Conclusion : The UX analysis must be run in a “free” context in favor of the user to downward any pressure related to the view of a third stakeholder in the project. 

Hence, the interest in observing (anonymously) the behavior of each of the app users.

It became obvious that the UX analysis has to be done:

  • By successive iterations
  • By segmenting user behaviors
  • In a context where the user is comfortable and does not feel observed

Determining the relevant information to be analyzed

Therefore, we went into creating a self-sustained SaaS software that would provide the following information:

  • Automatic feedback to ask the user the right questions while navigating.
  • Gestures to know the gestural grammar being used on each screen.
  • The accepted permissions to ensure app maximum use.
  • Recording sessions to automatically get “over the shoulder” of users by hiding confidential fields of course.
  • Network to identify app behaviors depending on the network coverage.
  • Phone details (model, screen size, memory, …)

So the objective was to answer the following question:

Do users understand my interface?

Gesture analysis

A lot of work has been done over the past two decades concerning clicks analysis in the context of E-Commerce websites. An article entitled Advances in Clickstream Data Analysis in Marketing published in March 2008 explains the concept of “clickstream” which refers to the analysis of clicks and mouse movements made by users online on a website.

These data help analysts understand the behaviors and choices made by individuals.

In our case, the main difference between a website and a mobile app is the establishment of a new gestural grammar distinct from the web (double tap, long press, swipe, etc …), and a content presentation management strongly compelled by the small size of the display.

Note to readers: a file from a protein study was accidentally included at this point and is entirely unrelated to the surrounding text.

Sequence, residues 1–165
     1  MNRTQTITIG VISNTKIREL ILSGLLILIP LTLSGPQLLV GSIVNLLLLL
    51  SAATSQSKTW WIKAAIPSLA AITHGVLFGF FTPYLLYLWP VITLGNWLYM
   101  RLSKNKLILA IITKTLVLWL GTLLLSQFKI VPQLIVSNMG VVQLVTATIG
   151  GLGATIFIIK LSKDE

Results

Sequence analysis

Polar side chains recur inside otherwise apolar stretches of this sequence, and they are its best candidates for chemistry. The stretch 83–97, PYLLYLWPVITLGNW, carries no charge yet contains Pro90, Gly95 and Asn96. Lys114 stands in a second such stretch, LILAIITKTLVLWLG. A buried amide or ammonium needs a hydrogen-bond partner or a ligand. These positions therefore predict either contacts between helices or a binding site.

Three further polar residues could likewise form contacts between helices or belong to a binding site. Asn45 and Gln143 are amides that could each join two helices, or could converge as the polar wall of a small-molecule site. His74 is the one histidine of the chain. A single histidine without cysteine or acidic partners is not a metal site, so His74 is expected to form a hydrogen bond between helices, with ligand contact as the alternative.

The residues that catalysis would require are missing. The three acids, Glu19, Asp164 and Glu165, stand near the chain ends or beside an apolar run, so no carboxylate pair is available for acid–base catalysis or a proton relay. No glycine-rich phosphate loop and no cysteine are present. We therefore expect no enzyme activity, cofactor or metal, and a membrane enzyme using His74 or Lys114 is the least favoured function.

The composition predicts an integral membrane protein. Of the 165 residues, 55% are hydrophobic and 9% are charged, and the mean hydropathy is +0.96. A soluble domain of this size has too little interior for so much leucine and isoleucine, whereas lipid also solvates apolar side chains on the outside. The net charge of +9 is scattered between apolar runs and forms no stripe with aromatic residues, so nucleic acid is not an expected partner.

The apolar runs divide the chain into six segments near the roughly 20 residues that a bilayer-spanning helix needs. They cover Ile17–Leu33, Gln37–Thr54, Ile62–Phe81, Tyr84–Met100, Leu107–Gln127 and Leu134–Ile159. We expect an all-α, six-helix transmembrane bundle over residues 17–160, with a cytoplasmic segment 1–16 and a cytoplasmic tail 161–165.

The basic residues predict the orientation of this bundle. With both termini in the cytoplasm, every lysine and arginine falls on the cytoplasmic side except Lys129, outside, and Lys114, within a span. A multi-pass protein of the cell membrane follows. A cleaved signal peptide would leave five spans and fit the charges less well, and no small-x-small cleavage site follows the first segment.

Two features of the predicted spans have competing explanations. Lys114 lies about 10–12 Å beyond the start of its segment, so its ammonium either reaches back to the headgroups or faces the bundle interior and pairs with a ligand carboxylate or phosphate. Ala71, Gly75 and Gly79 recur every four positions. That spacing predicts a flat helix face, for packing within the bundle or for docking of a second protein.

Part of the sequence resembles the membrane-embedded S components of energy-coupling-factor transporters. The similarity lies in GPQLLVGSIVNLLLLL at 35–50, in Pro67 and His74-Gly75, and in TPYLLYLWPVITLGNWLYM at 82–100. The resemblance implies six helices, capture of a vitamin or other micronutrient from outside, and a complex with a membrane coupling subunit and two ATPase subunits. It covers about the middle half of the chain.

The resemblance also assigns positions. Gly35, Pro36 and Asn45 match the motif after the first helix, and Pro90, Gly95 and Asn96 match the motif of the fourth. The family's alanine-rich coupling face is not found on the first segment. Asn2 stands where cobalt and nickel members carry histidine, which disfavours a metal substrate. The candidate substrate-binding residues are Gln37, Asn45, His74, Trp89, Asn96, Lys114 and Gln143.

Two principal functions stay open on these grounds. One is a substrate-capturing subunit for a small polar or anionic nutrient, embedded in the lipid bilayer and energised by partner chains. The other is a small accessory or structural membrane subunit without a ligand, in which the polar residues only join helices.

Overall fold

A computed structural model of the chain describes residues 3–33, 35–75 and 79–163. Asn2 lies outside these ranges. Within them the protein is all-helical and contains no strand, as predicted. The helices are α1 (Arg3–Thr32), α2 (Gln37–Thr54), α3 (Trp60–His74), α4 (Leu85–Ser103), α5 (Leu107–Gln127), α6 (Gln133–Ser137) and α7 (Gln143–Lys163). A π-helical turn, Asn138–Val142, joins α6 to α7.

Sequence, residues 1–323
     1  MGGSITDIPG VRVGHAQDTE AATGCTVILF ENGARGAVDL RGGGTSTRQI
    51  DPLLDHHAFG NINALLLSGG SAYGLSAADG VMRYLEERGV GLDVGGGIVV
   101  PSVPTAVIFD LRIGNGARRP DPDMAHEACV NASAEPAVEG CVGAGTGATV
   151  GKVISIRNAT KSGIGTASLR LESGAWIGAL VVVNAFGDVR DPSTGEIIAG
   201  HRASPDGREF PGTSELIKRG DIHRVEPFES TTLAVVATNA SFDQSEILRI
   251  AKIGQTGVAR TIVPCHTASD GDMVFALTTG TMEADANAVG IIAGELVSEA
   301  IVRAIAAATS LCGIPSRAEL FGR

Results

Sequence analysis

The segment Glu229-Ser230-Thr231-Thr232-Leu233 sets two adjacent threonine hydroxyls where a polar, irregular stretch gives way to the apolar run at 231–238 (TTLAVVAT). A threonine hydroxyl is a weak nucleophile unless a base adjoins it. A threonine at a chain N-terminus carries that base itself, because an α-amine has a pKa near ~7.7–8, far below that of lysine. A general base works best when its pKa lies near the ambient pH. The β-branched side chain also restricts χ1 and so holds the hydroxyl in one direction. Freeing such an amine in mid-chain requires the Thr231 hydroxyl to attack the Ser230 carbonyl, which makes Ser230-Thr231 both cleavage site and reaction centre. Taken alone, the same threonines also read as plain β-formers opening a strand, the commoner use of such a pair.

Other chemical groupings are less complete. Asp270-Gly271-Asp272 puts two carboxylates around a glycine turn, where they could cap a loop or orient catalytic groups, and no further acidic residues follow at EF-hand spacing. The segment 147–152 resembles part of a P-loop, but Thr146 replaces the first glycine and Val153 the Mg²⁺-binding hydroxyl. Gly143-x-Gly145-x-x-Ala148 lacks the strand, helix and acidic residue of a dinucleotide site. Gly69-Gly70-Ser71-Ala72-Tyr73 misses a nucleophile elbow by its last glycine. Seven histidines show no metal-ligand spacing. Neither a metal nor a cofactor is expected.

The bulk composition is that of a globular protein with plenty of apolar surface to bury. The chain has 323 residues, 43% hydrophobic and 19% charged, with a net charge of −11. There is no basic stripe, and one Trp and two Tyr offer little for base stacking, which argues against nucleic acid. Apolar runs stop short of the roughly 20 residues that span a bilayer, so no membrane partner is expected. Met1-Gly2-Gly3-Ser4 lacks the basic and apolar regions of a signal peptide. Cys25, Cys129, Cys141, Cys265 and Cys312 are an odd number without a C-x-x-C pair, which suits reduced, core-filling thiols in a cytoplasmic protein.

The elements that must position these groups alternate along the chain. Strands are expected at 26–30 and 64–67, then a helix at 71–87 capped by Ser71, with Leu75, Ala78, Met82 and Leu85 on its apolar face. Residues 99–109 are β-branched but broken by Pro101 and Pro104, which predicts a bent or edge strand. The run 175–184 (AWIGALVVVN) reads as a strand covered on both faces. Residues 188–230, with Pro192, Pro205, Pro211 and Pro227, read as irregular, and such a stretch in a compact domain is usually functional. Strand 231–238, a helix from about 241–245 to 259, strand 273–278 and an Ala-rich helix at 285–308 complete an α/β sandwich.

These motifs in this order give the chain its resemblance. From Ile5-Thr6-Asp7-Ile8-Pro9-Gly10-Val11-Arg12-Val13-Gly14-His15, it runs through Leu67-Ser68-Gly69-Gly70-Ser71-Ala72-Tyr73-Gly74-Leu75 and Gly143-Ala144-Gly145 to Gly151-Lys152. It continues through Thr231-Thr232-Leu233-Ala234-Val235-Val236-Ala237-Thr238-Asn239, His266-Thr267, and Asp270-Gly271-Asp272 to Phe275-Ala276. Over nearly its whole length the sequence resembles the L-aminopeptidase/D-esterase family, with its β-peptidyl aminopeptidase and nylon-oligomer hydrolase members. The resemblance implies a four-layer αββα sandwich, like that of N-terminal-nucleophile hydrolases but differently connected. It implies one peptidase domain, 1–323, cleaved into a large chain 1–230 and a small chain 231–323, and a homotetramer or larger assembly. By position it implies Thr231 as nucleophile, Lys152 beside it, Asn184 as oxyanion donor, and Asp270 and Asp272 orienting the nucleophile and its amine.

Azot aims at orienting this overview towards mobiles instead of the classic web. Indeed, the first literary papers dealing with the web field go back to about twenty years, whereas the mobile platform democratization dates from just over 5 years, which implies that scientific literature on this subject, nowadays, is much less provided. Given that there are considerable technological differences between the two platforms, we are faced today with an urgent need to complete the existing research. Indeed, clicks are substituted by touch / swipes. New interactions have been added: the double tap, the force touch and the long press. A mobile interface no longer includes a mouse movement analysis.

Heat maps

More recent research on the interaction between users and digital interfaces exists and dates back to 2013. In the document Gesture Tracking and Recognition in Touchscreens Usability Testing, the author presents the interest of gesture analysis in the Usability study.

The term “Usability” has various definitions. Thereby, the PN-EN ISO9241 standard defines it as “a product capability to enable the user to accomplish his/her initial purpose effectively and with satisfaction”.

The objective of gesture analysis is to create usability tests. The authors designed a tool that allowed them to generate heat maps based on the locations and number of Man-Interface interaction iterations, and thus to identify an interface most interesting areas.

This functionality has been implemented in Azot and allows to identify interaction zones (therefore interest zones) and to associate them with specific gestures to validate the understanding of the gestural grammar being adopted in this zone.


2. Datamining and Profiling

Datamining interest in improving the UX Mobile